Carndochan – castle


   Carndochan Castle was probably built by Llywelyn the Great, the ruler of Gwynedd, between 1202, when he conquered the Penllyn cantref, and 1231, when the campaign against Hubert de Burgh began, and before his death in 1240 at the latest. The stronghold defended the eastern border of Gwynedd and the important road that ran through the pass between Bala and Dolgellau, and provided protection for royal herds grazing in the upland pastures. It is not known until when the castle functioned. Perhaps in the second half of the thirteenth century, it was taken by Llywelyn ap Gruffudd, the last prince of independent Wales, who after the defeat in 1277, made efforts to gain control over the lands on which Carndochan was located (in 1281 he made an exchange with the Welsh lord who owned this region). Excavations from the 19th century revealed blackened earth, bones and charcoal, suggesting that the end of the stronghold was associated with fire and violent destruction.


   The castle was situated on a high, rocky hill with steep slopes on the north, east and west sides. The circumference of its defensive walls, about 1.8 meters thick, was roughly oval. It was reinforced with a horseshoe tower on the south side, and a larger horseshoe tower on the west side, extended beyond the perimeter. The north-eastern part of the fortifications was protected by a cylindrical tower with a diameter of about 8 meters, towering over the slopes falling towards the Lliw valley.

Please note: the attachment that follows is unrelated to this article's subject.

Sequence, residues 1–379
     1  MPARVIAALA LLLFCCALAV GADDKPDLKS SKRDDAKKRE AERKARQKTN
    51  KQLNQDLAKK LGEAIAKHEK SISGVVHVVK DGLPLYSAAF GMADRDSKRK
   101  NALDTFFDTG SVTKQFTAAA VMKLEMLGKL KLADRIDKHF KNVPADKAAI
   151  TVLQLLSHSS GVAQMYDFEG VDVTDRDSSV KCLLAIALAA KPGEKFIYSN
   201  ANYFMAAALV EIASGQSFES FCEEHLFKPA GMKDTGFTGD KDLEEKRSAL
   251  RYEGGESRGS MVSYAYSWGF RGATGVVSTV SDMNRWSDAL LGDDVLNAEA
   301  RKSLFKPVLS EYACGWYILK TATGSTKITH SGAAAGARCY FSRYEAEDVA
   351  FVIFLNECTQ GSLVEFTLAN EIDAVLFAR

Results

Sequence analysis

The west tower, in addition to defending the most convenient approach to the hill, probably also had residential functions due to its large space measuring 10 x 17 meters (it was very similar to the tower of the Castell y Bere castle). In front of it, a ditch was cut in the rock, which is why perhaps the original access road to the castle was located there, which could also be led along the gentlest southern slopes of the hill. The gate leading to the courtyard, presumably, as in most of the native Welsh princes’ castles, was merely an ordinary portal in the wall, perhaps accessible via a wooden ramp or bridge. The west tower could flank the gate by extending in front of the adjacent curtains, and the south tower could provide additional protection.
   The central place of the castle was occupied by a square building with sides about 7 meters long, probably a tower house or keep. Its walls presented a better masonry quality, so perhaps they were erected at a different stage of the castle’s construction, or only better qualified masons were employed to build it. On the other hand, the walls of the building were relatively thin, which would indicate the upper storeys of the timber structure.


Current state

   Only the relics of the walls and the southern tower with a maximum height of up to 2 meters have survived to the present. The remaining part of the fortifications is in the form of a rubble of loose stones scattered on the slopes of the hill. Admission to the ruins of the castle, placed at Snowdonia National Park area, is free. The path follows the moors of the Lliw Valley, 3 km west of the town of Llanuwchllyn.

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Davis P.R., Castles of the Welsh Princes, Talybont 2011.
Davis P.R., Towers of Defiance. The Castles & Fortifications of the Princes of Wales, Talybont 2021.
Salter M., The castles of North Wales, Malvern 1997.